“It’s really amazing,” said Carl Tobias, a law professor at the University of Richmond who wrote about the increasing diversity on the federal bench during Obama’s administration in an article in the Washington University Law Review. “Obama has nominated as many as were sitting on the bench when he was inaugurated.”
For more than 140 years, there were no females or minorities among the nation’s federal judges.
The first female federal appellate judge was Florence Allen, who gained her seat on the 6th U.S. Circuit Court of Appeals in 1934. The first female U.S. District Court judge was Burnita Shelton Matthews, who took the bench in Washington, D.C., in 1950. William Henry Hastie Jr. was the first African American U.S. District Court judge, sitting in the Virgin Islands in 1937 before being elevated to the 3rd U.S. Circuit Court of Appeals in 1949.
Reynaldo G. Garza became the first Hispanic federal judge when he was appointed to the U.S. District Court in Texas in 1961, and Herbert Choy became the first Asian-American federal judge when he was appointed to the 9th U.S. Circuit Court of Appeals in 1971.
Thurgood Marshall became the first African American to serve on the Supreme Court in 1967, and Sandra Day O’Connor was the first woman to be elevated to the nation’s highest court in 1981.
“I think it’s always good to have diverse perspectives, whether it’s gender, sexuality or ideology,” Tobias said.
Those who track diversity on the federal bench are pleased with Obama’s progress so far but want more voices from all of America’s communities in the federal courts. Obama has nominated three other openly gay judicial nominees, as well as what would be the only active Native American on the federal bench, if Arvo Mikkanen is confirmed to a federal judgeship in Oklahoma.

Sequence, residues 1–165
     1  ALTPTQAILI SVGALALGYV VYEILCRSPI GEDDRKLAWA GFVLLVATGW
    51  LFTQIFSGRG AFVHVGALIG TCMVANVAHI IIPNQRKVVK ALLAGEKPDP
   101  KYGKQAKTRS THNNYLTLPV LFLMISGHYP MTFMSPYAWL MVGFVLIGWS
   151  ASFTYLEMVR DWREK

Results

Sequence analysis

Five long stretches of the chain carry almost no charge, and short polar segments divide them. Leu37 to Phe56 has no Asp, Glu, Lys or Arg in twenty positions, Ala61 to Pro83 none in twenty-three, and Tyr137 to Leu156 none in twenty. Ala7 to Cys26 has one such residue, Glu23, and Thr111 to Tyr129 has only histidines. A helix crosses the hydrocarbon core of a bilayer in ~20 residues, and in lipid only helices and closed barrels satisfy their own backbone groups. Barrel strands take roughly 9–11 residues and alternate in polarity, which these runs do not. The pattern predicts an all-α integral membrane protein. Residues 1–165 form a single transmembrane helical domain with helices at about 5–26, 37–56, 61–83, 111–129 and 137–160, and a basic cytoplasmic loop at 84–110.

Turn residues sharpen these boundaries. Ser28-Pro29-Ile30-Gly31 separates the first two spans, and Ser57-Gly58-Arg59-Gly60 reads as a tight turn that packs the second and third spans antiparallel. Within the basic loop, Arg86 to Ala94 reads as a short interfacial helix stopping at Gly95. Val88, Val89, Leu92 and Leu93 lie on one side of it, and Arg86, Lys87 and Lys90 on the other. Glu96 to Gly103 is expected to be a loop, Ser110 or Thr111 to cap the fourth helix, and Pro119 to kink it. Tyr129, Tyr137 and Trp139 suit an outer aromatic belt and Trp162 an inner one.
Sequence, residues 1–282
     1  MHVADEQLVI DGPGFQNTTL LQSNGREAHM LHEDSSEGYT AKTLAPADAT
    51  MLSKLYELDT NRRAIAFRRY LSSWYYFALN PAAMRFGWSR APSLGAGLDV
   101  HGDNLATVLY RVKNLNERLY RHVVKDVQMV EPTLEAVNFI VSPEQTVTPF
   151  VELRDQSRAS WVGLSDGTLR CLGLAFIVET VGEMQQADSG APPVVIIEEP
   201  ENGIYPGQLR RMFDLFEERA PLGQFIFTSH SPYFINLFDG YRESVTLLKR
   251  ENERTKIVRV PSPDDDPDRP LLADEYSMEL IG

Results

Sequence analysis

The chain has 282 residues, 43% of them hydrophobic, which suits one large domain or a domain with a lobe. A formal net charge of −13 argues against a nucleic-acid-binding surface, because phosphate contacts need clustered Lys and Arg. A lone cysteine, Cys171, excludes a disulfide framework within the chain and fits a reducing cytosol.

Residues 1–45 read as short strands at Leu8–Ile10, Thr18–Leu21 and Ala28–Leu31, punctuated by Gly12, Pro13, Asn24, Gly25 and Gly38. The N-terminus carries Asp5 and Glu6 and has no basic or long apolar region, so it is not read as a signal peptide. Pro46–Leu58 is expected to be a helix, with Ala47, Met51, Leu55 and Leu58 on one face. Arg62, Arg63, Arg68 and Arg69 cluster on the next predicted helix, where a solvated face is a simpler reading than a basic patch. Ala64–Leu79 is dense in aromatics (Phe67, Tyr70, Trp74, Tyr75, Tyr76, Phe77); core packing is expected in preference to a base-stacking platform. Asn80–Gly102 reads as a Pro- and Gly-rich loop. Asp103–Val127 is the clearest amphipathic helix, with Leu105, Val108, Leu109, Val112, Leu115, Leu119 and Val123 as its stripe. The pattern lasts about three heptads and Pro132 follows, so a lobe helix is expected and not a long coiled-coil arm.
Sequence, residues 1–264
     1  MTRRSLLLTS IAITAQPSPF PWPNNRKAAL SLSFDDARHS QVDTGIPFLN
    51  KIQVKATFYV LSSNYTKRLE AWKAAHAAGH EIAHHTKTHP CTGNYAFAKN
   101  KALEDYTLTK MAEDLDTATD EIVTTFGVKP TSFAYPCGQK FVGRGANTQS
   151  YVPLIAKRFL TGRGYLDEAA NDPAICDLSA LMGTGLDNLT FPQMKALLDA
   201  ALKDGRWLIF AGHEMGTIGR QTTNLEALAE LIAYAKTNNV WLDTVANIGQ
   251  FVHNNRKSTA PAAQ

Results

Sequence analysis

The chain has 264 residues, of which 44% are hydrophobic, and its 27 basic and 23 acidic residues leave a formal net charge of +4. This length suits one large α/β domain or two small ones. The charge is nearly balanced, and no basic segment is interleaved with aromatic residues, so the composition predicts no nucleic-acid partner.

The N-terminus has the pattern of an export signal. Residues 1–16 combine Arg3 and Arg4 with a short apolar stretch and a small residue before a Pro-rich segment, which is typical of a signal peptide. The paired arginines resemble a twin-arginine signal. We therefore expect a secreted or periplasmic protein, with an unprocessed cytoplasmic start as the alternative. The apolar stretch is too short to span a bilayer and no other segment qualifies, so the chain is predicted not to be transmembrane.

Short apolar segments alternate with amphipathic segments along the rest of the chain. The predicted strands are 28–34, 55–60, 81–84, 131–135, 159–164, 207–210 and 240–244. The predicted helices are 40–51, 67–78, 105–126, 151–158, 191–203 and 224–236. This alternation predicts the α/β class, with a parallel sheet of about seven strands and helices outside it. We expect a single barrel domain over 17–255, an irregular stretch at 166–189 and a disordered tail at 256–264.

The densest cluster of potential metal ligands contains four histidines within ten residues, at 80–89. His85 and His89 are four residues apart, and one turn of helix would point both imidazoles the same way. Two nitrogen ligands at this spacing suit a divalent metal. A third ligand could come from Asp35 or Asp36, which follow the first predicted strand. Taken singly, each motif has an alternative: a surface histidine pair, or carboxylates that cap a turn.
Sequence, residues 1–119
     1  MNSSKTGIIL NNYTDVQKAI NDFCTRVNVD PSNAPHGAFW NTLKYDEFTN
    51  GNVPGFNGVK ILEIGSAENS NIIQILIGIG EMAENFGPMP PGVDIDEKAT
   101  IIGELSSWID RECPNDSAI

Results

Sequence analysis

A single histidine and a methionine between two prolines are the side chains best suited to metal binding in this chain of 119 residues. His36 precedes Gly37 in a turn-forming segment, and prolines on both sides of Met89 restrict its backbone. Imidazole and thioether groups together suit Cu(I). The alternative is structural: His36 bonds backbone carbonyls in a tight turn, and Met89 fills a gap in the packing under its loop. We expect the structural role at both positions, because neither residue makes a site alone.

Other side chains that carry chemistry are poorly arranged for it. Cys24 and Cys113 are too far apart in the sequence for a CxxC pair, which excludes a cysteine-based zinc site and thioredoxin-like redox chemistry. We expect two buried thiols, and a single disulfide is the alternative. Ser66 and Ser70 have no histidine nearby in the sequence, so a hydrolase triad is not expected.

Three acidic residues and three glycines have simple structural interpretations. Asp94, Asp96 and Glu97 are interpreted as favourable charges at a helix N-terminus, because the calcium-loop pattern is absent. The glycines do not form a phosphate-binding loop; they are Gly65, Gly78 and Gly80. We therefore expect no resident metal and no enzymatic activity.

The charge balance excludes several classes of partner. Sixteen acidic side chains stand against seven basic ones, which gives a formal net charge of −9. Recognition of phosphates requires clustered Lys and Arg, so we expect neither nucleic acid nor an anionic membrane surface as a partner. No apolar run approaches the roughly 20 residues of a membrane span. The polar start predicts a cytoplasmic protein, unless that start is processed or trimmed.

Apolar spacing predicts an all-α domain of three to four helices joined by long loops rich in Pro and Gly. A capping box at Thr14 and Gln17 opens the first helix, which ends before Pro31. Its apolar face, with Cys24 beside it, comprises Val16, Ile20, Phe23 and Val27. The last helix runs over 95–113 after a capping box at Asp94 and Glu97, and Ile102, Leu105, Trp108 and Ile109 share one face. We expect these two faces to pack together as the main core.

“The more diverse the courts, the more confidence people have in our judicial system,” said Nan Aron of the liberal Alliance for Justice. “Having a diverse judiciary also enriches the decision-making process.”
The makeup of the federal bench could be a major issue during the Senate, House and presidential elections in 2012.
Obama basically has until the end of this year to get as many of his judicial nominees confirmed as possible, because it is unlikely that a highly partisan Senate will confirm many judges with a presidential election looming in November 2012.
According to the Federal Judicial Center, there are 94 vacancies in the federal courts, with 55 nominees awaiting Senate action.
“Once we get into an election year … things always slow down, both because people’s attention is in other places and also because the party out of power thinks, ‘If I can just keep this vacancy open for another year, maybe my president will fill it,’ ” said Curt Levey, head of the conservative Committee for Justice, in an interview on “PBS NewsHour.”
With cases on Obama’s health care plan, the military’s “don’t ask, don’t tell” policy and gay marriage expected to reach the Supreme Court in the future, judicial selection will be front and center for Obama and the eventual Republican nominee, Aron said.
“The court will be a central issue,” Aron said. “It will be in people’s minds when they go into the ballot box.”